For those of us interested in the provincial application of Roman law, the discovery and recent publication of the Bloomberg tablets from Roman London provide a veritable treasure trove of new information (Roger Tomlin, Roman London’s First Voices. (MOLA 2016)). Since examples of legal practice are complex and should be weighed against existing doctrinal information, the following is but a brief survey of texts from this collection that, in my view, have implications for our understanding of the provincial application of Roman law. The texts in question are:
• WT 27: a chirograph received by a freedman from a slave;
• WT 29: a letter from a slave to a master about cattle as investment;
• WT 30: a letter about a loan that has seemingly affected someone’s financial reputation;
• WT 35: a note of a deposit (!) using the term arra of 200 denarii.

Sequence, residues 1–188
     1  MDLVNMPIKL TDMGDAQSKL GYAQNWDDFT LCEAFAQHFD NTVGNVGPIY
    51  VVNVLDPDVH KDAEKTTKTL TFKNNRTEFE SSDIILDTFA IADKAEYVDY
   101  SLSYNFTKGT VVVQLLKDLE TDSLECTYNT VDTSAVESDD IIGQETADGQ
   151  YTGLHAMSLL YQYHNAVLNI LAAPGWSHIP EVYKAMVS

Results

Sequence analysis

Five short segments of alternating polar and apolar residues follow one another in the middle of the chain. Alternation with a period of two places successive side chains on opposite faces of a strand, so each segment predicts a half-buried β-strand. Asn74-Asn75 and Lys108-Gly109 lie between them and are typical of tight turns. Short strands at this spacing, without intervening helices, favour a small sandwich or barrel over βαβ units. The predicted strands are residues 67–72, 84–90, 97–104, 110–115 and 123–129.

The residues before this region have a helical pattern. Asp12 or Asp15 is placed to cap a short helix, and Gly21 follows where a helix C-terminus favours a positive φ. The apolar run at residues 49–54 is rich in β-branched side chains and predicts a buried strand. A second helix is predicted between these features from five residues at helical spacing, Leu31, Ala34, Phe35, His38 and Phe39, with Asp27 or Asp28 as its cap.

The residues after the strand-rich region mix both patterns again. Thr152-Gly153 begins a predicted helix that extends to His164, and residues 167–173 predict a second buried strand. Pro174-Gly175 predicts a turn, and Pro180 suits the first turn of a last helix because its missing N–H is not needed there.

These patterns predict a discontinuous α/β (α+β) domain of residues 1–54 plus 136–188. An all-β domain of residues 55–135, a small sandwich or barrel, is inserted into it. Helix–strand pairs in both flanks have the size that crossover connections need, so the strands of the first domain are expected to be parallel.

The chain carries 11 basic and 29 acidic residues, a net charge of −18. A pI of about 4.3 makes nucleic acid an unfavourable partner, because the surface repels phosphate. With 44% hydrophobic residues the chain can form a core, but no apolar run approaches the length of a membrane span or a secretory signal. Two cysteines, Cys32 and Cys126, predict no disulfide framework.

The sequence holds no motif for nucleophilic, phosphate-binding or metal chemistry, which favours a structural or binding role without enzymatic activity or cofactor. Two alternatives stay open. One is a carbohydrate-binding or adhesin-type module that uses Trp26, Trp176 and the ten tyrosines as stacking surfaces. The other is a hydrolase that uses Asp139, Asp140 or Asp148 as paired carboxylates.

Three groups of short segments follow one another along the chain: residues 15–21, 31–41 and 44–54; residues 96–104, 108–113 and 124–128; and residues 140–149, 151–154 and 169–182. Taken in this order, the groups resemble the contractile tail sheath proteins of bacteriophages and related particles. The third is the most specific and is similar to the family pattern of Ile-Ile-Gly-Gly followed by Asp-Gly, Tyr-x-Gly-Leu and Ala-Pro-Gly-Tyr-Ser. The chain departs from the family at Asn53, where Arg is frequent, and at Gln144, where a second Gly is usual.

• WT 44: a written acknowledgement of a debt incurred as a consequence of a sale of goods;
• WT 45: a lex locationis for the transport of goods from St. Albans to London;
• WT 50: a receipt for rent collected by a slave in relation to two farms;
• WT 51: a praeiudicium together with the source of the jurisdictional competence (the Emperor)
• WT 55: some sort of promise (maybe a stipulation?)
• WT 57: a procuratio (with some aspects of legal representation?)
• WT 62: some sort of act that required seven witnesses (maybe a mancipatio?)
• WT 70: an account listing amounts of money lent to slaves.
Exciting work remains to be done on these tablets, most of which are only fragmentary, since they will reveal much more about the provincial application of Roman law prior to 212 AD. I hope that scholars will take up the call to look at these tablets with great care.